Wednesday 19 December, 2018

Unhurried and Unheard of: St Eustatius is where you go to unplug

On the surface, St Eustatius may not seem like a place that has a lot going on.

There are no malls, no cinemas, no traffic and at mid-morning on a Friday, the town centre has the vibe of a lazy Sunday afternoon.

But if you are looking for a place to disconnect from the hustle and bustle, a place with a vibrant history and exciting outdoor activities, then this might just be the island for you.

Statia, as the locals call it, is an eight square mile long rock nestled between Saba and St Kitts.

The island is home to only 3500 people, very few of actual Statian roots. The Dutch island is a cultural soup of people from the Dominican Republic, the largest category of residents, the United States, the Netherlands, Curacao, Aruba, Suriname, Dominica and various other islands.

At the Taste of the Cultures Expo held on the night of the annual Statia Sustainability Conference on September 27, the cultural influences were proudly displayed in the cuisine. At the Suriname booth, a long line formed to eat Nasi, Bami and Teio Saltfish, by St Maarten’s, oxtail quesadillas, salmon sate and taco with barbeque chicken beckoned while chicken gizzard with fries and bifana homemade bread with pork steak starred over in the Portugal booth. Johnny cakes were a common sight throughout most of the 10 countries represented.

Many of the buildings in the heart of Oranjestad are required to maintain the traditional Dutch architecture

Statia has been a melting pot since Christopher Columbus stumbled upon it in 1493. The island changed hands 22 times under different Empires until the Dutch officially claimed it in 1636.

For an island many of us in the Caribbean know practically nothing about, Statia has had a very important role in history.

According to tour guide Roland Lopes, the island was once the centre of international trade with over 2600 ships bearing merchandise from around the world, including slaves direct from Africa, making their way yearly to the Golden Rock - the name the island was given in that heyday.

Ruins from the warehouses and holding cells for the slaves dot the shoreline in Lower Town today, the coastal area that was once home to 6000 people.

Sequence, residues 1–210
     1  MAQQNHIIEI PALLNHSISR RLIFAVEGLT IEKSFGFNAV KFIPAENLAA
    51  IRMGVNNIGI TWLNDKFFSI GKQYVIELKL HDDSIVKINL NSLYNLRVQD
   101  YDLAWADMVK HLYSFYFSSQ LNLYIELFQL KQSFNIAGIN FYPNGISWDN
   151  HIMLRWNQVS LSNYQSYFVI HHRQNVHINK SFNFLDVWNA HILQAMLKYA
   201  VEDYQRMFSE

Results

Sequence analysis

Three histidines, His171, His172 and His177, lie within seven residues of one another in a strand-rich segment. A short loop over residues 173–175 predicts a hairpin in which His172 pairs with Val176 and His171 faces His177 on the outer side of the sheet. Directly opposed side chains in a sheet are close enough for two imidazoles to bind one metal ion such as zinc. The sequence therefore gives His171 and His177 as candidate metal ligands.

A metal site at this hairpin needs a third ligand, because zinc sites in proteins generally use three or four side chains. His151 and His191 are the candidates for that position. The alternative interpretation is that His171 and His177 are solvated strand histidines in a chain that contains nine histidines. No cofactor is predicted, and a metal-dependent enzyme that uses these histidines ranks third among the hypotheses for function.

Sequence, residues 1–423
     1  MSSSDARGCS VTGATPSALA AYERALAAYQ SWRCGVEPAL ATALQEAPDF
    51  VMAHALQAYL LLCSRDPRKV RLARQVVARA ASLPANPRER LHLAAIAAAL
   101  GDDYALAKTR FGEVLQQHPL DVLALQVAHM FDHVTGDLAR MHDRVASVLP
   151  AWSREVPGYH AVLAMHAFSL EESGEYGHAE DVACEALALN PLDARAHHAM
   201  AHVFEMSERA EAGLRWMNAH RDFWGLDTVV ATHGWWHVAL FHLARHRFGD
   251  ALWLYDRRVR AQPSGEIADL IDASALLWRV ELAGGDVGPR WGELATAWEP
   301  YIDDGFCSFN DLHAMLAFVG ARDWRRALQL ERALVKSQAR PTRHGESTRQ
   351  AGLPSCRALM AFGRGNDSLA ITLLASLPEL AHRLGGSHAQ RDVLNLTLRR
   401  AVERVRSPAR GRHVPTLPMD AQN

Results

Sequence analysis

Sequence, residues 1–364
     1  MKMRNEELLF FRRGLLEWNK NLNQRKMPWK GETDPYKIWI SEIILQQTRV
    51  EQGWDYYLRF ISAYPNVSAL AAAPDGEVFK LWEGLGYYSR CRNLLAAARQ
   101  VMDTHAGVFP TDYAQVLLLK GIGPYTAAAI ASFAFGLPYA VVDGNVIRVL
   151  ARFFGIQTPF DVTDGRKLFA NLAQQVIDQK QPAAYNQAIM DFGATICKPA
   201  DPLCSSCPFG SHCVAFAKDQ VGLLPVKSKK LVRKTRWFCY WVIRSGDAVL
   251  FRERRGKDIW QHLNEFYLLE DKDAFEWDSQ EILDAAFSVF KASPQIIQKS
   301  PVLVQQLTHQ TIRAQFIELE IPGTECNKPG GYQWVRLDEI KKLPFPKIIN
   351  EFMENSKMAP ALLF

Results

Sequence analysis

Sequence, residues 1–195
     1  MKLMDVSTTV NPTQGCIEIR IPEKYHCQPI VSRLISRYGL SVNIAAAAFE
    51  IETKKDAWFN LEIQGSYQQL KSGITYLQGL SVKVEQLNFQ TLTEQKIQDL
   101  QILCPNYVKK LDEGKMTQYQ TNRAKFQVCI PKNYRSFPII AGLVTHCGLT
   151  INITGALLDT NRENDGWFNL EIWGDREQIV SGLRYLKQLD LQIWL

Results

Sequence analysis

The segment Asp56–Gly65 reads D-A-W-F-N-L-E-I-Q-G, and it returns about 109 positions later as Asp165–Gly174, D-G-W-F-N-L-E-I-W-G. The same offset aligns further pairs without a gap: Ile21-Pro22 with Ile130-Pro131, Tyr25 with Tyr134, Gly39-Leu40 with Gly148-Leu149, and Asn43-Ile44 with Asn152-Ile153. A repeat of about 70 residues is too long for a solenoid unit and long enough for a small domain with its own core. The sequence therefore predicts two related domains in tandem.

Ruins also lay scattered under the pristine waters off the coast of Lower Town, making the island a favourite among divers today. Anchors, cannons, sunken ships and other archaeological treasures provide an attractive experience for divers. But it is the blue beads that hold particular importance.

Manufactured out of glass and given to slaves to be used as currency, the beads, according to local myth, are believed to have been dumped in the ocean when slavery was abolished on the island in 1863. Today, it is said that if you find a blue bead, you will always return to St Eustatius.

The only blue beads I saw were in the museum, but Statia is littered with relics of a time far gone.

Overhanging the Lower Town in Oranjestad, the capital, a well-maintained Fort Oranje holds one of the most interesting stories on the island.

It is from that fort that Statia became the first country to officially recognise the independent United States.

Under Governor Johannes de Graaff, Statia played a central role in the American Revolution, supplying guns and ammunition to Americans - much to the chagrin of Britain and the Dutch government. On November 16, 1776, when a naval vessel flying the flag of the newly independent US arrived in Statia’s port and fired an official salute to greet the Dutch flag, de Graaff ordered that they reply, thus making Statia the first country to acknowledge the sovereign state. Britain subsequently waged war with the Netherlands as revenge and Statia’s demise began.